Greek bank deposits fall to decade low
Greek bank deposits have fallen to their lowest level in more than 10 years, as concerns persist over the country's debt burden and possible exit from the euro.
Deposits stood at €139.4bn (£100bn) in April, a 3.9% decline on the previous month, according to the European Central Bank.
The data include all deposits by households and companies in Greece.
Its banks have struggled to hold on to deposits during the debt negotiations.
Greece's falling reserves have prompted calls for capital controls from some experts and an opposition MP.
However, government spokesman Gabriel Sakellaridis on Monday rejected the idea.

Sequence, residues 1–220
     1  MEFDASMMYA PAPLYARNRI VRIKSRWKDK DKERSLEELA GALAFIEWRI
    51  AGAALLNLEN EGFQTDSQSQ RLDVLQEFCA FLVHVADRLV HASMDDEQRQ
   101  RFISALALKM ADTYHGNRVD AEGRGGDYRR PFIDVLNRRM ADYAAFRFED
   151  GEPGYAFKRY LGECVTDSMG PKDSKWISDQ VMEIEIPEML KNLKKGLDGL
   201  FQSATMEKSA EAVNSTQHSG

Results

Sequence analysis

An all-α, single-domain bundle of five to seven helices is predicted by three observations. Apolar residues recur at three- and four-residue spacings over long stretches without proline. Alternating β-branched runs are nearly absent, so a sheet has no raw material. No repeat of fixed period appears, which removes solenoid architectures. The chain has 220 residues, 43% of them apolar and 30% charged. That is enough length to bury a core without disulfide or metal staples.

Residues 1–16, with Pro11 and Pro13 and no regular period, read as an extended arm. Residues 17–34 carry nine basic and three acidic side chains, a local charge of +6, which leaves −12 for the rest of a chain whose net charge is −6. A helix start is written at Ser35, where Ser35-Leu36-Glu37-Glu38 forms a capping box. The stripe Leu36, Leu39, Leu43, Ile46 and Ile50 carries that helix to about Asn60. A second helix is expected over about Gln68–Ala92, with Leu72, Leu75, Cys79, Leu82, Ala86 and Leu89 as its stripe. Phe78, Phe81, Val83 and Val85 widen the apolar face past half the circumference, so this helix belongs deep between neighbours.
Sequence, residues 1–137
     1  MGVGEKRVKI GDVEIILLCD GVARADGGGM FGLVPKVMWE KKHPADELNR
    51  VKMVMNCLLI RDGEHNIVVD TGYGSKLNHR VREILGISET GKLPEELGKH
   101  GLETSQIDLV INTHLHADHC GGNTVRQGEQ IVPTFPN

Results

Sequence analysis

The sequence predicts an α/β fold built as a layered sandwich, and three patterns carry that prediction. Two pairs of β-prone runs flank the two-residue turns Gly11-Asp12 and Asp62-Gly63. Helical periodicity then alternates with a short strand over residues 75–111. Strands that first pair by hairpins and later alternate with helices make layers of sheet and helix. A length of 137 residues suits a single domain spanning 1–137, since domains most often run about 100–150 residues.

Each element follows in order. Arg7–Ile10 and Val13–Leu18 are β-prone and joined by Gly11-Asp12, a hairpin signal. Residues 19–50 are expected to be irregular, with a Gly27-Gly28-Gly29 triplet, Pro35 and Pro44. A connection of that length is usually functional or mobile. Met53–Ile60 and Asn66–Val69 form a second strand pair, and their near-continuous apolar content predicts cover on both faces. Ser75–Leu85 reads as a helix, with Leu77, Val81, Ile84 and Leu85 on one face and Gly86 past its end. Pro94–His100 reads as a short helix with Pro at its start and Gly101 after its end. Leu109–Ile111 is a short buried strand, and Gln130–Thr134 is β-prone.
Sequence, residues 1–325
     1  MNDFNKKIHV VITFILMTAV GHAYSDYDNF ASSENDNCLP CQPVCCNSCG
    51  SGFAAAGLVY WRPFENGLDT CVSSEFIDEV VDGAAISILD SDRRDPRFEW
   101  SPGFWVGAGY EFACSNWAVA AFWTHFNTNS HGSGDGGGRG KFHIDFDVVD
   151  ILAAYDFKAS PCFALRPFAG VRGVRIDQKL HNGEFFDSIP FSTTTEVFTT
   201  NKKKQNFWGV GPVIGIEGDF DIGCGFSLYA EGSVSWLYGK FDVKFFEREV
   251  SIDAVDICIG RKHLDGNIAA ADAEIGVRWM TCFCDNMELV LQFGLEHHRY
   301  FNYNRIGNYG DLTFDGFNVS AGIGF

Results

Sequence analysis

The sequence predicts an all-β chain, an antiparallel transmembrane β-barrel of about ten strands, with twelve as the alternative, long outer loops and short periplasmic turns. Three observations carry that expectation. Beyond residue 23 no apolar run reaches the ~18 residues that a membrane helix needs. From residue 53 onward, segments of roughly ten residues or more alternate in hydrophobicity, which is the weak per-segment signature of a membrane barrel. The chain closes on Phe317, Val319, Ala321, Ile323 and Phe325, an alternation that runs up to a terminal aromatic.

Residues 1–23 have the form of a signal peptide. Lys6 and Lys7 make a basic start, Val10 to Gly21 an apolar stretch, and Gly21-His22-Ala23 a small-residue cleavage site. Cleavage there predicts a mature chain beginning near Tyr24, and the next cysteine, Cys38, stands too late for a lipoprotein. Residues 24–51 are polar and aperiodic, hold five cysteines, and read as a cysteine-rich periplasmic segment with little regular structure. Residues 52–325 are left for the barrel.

The Greek government, European Union (EU) and International Monetary Fund (IMF) have been locked in negotiations for four months over economic reforms the IMF and EU say must be implemented before the latest €7.2bn tranche of the country's bailout fund is released.
Greece has to make a payment of €1.5bn (£1.09bn) to the IMF on 5 June.
Mr Sakellaridis said that Greece would maintain repayments to its EU-IMF creditors for as long as possible.
Nevertheless, if Greece fails to come to a deal with its eurozone partners there is a real chance it could default on its loans.
That could push the Greek government towards leaving the single currency, otherwise known as "Grexit".
In an interview with a German newspaper on Thursday, IMF chief Christine Lagarde is quoted as saying that "a Greek exit is a possibility".